The United Nations Educational, Scientific and Cultural Organization (UNESCO) has officially recognized garba, Gujarat’s most popular folk dance form, as an element of intangible cultural heritage. This prestigious designation was announced on Wednesday, December 7th, 2023, during the 18th session of the UNESCO’s Intergovernmental Committee for Safeguarding of Intangible Cultural Heritage held in the Republic of Botswana.
A Celebration of the Feminine Divine
Garba is a vibrant and energetic dance typically performed during Navratri, a nine-day Hindu festival dedicated to the worship of the feminine divine. The dance is characterized by its circular formation, symbolizing the cyclical nature of time and the womb of creation. Traditionally, garba is led by women and involves rhythmic clapping and intricate footwork. It is a joyous celebration that transcends social and religious barriers, bringing people together in a spirit of unity and devotion.
A Collaborative Effort
The Indian government, in collaboration with the Gujarat government, submitted the nomination for garba’s inscription to UNESCO. Professor Parul Shah, a renowned dancer and choreographer, played a key role in preparing the dossier that convinced the committee. She emphasized the inclusive nature of garba, highlighting its ability to unite people from diverse backgrounds.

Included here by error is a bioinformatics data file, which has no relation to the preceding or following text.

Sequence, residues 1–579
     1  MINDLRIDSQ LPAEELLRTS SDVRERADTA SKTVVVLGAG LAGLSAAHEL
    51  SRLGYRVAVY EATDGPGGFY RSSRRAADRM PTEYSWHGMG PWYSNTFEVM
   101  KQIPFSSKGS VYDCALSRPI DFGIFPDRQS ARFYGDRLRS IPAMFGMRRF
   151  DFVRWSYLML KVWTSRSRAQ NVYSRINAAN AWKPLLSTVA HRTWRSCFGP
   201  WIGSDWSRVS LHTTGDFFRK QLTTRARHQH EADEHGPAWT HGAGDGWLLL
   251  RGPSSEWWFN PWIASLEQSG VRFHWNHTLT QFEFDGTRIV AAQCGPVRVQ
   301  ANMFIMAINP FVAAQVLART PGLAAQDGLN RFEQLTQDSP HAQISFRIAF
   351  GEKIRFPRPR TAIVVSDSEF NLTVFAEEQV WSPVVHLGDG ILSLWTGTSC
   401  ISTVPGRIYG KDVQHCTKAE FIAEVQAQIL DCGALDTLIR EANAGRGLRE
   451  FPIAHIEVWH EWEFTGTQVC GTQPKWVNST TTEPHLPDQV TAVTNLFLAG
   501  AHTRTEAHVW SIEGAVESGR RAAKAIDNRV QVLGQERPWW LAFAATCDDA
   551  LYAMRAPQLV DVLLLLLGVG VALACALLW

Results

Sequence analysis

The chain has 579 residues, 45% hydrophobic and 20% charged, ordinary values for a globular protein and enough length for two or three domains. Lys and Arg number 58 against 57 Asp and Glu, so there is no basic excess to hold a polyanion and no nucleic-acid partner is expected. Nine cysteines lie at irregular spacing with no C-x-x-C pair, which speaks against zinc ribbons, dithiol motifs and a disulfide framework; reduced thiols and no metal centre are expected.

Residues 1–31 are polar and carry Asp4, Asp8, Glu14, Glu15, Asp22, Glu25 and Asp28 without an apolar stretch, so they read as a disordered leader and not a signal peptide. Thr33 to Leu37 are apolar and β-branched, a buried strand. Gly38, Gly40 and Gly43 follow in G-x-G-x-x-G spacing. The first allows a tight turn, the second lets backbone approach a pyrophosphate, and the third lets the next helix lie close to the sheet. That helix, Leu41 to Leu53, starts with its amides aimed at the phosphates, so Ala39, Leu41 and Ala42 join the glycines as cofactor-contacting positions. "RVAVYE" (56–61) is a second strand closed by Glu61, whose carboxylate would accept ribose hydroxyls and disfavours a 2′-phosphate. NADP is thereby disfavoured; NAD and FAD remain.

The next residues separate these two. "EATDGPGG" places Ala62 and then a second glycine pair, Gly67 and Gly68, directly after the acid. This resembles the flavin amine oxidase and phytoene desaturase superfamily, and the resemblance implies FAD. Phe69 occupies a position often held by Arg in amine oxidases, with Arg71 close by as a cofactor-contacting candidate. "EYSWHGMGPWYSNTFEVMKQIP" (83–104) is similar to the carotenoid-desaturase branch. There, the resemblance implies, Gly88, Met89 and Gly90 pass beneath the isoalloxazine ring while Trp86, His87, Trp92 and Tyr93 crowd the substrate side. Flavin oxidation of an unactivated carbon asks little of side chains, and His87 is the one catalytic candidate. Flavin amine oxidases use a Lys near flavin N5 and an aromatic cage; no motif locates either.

A Boost for Tourism
This inscription is expected to significantly boost tourism activities in Gujarat. Navratri is already considered the world’s longest dance festival, and UNESCO’s recognition is likely to attract even more visitors from India and abroad. The state government is planning to leverage this opportunity to showcase Gujarat’s rich cultural heritage and promote tourism during the festival.
A Moment of Pride
Chief Minister Bhupendra Patel and Union Culture Minister G Kisan Reddy both expressed their pride at the inscription of garba. They believe this recognition will further enhance the understanding and appreciation of Indian culture around the world.
Other Indian Elements on the List
This is not the first time UNESCO has recognized India’s rich cultural heritage. Fourteen other elements from India have already been inscribed on the organization’s representative list of intangible cultural heritage. These include Ramlila, yoga, vedic chanting, Kutiyattam, Ramman, Mudiyettu, Kalbelia folk songs and dances, Chhau dance, Buddhist chanting of Ladakh, Sankirtana, traditional brass and copper craft of utensil making in Punjab, Nawrouz, Kumbh Mela and Durga Puja in Kolkata.
A Legacy for Future Generations
The inscription of garba as intangible cultural heritage ensures that this unique tradition will be preserved for generations to come. It serves as a reminder of India’s diverse and vibrant cultural tapestry and strengthens the country’s identity on the international stage.